Today, Drew and Shelby are discussing Batwoman 23, originally released August 21st, 2013.
Drew: At the end of Batwoman 22, Kate asks Bones for thirty hours to prepare for her planned takedown of Batman. We all suspected that that request might not be entirely on-the-level, assuming that Kate would use that time to set-up her own counter-plan. Issue 23 reveals that we were only half-right — Kate does use that time more for her own personal ends than for preparing for her mission, but how she uses it is entirely unexpected.
Still feeling guilty over having injected Maggie with fear toxin, Kate makes a grand gesture of injecting herself, spending twelve of her last eighteen prep hours tripping balls. It’s the kind of big, dumb stunt you might expect in the final act of a romantic comedy, but it manages to restore some trust. Maggie tells Kate to propose again, and this time, Maggie doesn’t hesitate with a “yes.” Meanwhile, Bette, with the assistance of Jacob and his cronies, capture and interrogate a D.E.O. agent about Beth’s location. Of course, he’s been trained not to crack, even under the worst torture they can throw at him, so Bette tries a different tack: appealing to his ego. If they successfully extract Beth, she argues, Bones and Chase will be fired, leaving a power vacuum this agent could take advantage of. This seems to work, but you can never trust secret agents. As the issue concludes, Chase has released a number of Batman’s rogues gallery into the streets of Gotham, and Kate rides off to reel Batman in.
The final hours of preparation before a challenging mission may seem like a strange time for Kate to focus on Maggie, but as we saw at the end of the medusa arc, Kate draws a great deal of strength from her relationship with Maggie — hell, she seems to draw a lot of strength specifically from proposing to her. It’s a touching moment, and artist Trevor McCarthy sells the holy living hell out of it.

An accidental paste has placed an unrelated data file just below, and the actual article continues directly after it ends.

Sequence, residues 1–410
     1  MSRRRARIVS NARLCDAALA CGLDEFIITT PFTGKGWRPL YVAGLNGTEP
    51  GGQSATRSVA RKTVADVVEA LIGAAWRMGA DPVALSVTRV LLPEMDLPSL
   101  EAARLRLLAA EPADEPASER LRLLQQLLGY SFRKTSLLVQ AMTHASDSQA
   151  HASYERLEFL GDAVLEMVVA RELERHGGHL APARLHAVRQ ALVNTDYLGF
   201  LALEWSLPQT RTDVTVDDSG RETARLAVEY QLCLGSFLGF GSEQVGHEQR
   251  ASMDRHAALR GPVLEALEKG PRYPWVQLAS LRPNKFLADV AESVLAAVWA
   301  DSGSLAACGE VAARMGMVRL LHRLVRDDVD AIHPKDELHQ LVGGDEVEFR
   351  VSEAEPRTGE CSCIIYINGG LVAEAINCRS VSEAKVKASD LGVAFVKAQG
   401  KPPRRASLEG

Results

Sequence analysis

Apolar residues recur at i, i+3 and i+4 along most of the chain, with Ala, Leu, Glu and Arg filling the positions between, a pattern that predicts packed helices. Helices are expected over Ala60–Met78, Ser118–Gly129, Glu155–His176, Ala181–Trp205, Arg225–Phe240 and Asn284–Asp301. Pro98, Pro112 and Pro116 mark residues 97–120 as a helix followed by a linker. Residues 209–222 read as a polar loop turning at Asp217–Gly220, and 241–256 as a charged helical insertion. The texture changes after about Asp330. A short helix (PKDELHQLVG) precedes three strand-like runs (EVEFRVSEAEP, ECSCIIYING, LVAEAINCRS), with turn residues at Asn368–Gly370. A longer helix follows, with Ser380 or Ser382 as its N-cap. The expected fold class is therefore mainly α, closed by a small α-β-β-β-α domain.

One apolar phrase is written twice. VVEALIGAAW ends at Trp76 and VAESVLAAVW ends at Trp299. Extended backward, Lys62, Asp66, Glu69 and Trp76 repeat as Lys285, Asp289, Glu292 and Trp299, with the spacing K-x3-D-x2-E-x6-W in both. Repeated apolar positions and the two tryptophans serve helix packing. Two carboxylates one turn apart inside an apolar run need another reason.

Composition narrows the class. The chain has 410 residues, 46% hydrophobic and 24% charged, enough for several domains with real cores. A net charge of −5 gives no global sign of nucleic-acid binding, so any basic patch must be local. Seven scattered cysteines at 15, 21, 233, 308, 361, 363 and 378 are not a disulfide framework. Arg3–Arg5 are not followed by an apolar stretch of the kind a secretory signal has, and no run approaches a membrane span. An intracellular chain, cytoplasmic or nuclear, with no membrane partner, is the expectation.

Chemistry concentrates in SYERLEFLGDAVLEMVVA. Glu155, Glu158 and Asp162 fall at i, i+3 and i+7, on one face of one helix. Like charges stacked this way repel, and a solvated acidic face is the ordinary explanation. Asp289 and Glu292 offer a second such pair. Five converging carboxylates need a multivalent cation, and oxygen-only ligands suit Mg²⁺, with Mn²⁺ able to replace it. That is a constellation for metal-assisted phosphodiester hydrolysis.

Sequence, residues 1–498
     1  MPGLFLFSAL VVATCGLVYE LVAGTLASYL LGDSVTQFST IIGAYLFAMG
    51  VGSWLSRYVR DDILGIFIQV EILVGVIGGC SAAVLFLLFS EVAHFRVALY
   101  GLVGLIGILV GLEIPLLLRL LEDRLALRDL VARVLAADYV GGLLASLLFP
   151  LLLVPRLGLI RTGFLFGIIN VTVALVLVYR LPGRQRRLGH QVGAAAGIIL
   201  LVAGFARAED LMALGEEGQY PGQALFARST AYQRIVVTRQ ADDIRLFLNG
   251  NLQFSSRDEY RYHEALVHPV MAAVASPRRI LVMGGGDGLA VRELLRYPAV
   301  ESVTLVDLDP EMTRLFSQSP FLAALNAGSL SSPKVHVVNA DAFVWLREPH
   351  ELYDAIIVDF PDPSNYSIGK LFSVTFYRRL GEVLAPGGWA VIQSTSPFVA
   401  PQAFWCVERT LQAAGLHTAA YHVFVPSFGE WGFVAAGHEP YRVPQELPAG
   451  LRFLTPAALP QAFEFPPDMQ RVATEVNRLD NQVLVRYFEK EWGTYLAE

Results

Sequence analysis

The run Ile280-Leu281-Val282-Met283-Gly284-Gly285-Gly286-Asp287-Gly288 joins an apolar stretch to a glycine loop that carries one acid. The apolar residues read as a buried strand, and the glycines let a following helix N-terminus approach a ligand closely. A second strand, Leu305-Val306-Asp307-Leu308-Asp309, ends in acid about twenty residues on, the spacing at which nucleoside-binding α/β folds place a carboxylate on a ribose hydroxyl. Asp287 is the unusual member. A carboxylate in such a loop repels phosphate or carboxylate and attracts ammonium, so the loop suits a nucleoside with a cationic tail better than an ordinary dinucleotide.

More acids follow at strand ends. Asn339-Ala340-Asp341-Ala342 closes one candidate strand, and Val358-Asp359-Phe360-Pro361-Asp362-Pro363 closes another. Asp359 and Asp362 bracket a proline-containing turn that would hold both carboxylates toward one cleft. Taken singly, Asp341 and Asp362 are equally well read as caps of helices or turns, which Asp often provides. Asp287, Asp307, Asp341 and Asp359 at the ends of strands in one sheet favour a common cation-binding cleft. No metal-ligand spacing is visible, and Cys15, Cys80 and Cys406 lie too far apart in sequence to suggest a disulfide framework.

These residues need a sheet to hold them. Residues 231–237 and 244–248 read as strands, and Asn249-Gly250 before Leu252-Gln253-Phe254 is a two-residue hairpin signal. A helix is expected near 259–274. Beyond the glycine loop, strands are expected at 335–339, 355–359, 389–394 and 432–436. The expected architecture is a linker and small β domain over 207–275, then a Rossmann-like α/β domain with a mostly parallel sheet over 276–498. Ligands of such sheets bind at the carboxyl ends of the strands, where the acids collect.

This is perhaps the most expressive art I’ve ever seen from McCarthy, though it comes at the cost of some clarity — I’m honestly not sure what some of the lines on Kate’s arm are meant to express.
As moving as Kate’s gesture might be, it was still profoundly stupid. Sure, it effectively conveys her commitment to Maggie, but it also compromises her perception at a time when she needs to be at the top of her game. After twelve hours of nightmares, she might be up for quiet cuddle time, but trying to bring down Batman — someone we know she’s kind of intimidated by, anyway — is another story. Maybe Kate’s not pulling for success — it looks like the B-team is getting ever closer to getting Beth without delivering Batman — but it seems like she’d be better able to fake it if she actually had all of her wits about her.
Speaking of the B-team, it looks like Bette finally did something everyone can approve of. I’m not entirely sure I believe a government agent allowing a known terrorist to walk free in some sort of power-grab, but I’m also not sure I believe that he’s actually helping them. That he needs a GPS device to show them is kind of neat, but couldn’t he just give them a longitude and latitude verbally? The fact that Bette puts a smartphone in his hands makes me a little suspicious. The guy’s a secret agent — shouldn’t he be able to turn that into a bomb, or something?